Wednesday, February 24, 2016

Where Our Travels took Me During My 2016 Trip to South Africa

Recommendations and Suggestions for places to go in South Africa
By Daphne Muse
The Goddess of Travel and Wanderlust must be embedded in my DNA, for I have had the most compelling journeys.  With one eerie exception (Guyana in 1970), all my journeys have been quite remarkable.  I have journeyed to remote villages in Europe, gone deep in the bush in Tanzania and Suriname, languished on beaches in the West Indies, driven 850 miles of Cuba with my dear friend Mary Louise Patterson, and most recently spent a month in South Africa. 
While I’m writing an extensive piece focusing on the observations I made and conversations had with amazing people I met during my month in South Africa, I wanted to share these links to some of my most memorable places and experiences.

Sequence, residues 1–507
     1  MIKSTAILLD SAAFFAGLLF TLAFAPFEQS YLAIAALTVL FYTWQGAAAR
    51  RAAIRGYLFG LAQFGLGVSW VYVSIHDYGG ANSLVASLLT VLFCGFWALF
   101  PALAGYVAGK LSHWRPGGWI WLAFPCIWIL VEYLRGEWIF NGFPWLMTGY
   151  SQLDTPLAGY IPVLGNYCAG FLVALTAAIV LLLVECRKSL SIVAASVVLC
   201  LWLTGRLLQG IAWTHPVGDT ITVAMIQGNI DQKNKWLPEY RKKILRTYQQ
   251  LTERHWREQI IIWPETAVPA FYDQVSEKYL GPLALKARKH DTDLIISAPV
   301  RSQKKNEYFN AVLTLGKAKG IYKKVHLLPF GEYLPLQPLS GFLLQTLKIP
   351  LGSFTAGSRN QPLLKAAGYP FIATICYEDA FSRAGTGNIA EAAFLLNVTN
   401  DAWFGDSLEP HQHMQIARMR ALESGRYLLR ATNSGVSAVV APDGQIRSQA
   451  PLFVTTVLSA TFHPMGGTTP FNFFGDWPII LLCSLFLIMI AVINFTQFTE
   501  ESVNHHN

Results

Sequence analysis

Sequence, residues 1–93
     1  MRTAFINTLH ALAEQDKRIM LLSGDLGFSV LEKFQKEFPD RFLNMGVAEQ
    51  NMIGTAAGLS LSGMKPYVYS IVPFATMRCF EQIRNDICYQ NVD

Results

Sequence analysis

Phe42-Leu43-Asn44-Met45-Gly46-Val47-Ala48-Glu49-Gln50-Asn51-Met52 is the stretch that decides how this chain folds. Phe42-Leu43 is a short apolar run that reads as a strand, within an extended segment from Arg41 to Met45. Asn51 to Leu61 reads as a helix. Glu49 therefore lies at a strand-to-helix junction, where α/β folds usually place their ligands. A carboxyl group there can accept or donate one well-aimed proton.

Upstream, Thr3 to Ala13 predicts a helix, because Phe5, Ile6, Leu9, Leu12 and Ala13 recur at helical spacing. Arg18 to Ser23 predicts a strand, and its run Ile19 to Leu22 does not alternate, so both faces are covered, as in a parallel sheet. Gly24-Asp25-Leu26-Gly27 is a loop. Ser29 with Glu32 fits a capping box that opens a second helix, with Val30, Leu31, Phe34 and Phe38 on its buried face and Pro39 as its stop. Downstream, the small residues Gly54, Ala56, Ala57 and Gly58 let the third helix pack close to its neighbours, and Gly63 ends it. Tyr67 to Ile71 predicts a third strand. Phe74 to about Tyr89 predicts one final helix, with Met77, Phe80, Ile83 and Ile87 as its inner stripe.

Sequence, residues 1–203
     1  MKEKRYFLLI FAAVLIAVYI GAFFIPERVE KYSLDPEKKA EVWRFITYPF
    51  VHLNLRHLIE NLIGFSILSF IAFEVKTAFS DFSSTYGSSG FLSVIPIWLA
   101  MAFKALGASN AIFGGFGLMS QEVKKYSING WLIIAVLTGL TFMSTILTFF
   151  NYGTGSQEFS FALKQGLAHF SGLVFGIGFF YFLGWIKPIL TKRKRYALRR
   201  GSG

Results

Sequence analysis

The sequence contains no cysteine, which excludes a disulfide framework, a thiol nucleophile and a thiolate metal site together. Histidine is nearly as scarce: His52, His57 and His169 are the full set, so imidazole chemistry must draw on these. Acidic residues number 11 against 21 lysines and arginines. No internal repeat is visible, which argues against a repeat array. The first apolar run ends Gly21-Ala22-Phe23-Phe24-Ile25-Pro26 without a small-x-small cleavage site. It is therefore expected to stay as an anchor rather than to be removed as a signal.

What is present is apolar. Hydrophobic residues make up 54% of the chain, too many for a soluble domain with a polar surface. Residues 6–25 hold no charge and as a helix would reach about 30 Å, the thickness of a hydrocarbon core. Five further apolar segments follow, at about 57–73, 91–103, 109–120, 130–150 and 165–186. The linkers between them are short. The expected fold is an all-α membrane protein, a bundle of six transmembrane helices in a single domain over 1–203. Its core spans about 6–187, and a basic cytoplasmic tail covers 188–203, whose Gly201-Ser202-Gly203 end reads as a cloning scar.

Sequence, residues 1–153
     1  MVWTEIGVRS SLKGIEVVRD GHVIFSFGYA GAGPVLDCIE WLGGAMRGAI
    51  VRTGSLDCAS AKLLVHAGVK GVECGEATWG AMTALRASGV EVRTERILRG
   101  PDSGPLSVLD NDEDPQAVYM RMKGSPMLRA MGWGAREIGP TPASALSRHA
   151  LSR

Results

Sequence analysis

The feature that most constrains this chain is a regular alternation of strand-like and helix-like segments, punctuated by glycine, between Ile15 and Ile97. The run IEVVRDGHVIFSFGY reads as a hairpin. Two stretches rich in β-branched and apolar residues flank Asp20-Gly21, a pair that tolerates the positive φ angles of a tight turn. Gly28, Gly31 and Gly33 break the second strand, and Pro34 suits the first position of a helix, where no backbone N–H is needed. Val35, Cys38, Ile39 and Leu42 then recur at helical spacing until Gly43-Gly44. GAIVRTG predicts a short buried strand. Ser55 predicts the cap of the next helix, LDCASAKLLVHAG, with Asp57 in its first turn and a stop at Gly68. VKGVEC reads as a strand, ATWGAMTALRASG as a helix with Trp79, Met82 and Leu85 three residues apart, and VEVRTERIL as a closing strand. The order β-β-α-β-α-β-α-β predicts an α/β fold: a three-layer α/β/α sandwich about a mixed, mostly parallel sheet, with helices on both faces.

In 2009, I did the grassroots tour of South Africa with Prexy Nesbit (  There I met activists, grandmothers, museum curators and artists.   On this trip in January 2016, I joined my dear friends and consummate travelers Mary Lou Patterson and Sumiko Takeda.  We engaged with more people across the class and color spectrum from former ANC activists who are now government officials to “Born Frees” (post-apartheid children) and Afrikaners to members of the one percent and Uber drivers. We stayed with friends Trevor and Thelma Fowler, their adult daughters and a nine-year-old granddaughter.  Their home is in the upper middle class neighborhood of Observatory, near Houghton in Johannesburg.   Trevor was Mandela’s chief of staff and now serves as the manager for the City of Johannesburg.  Thelma is an architect.  They devoted so much of their personal time, energy and extensive knowledge and history of their country.  It made our trips so memorable for all the right reasons.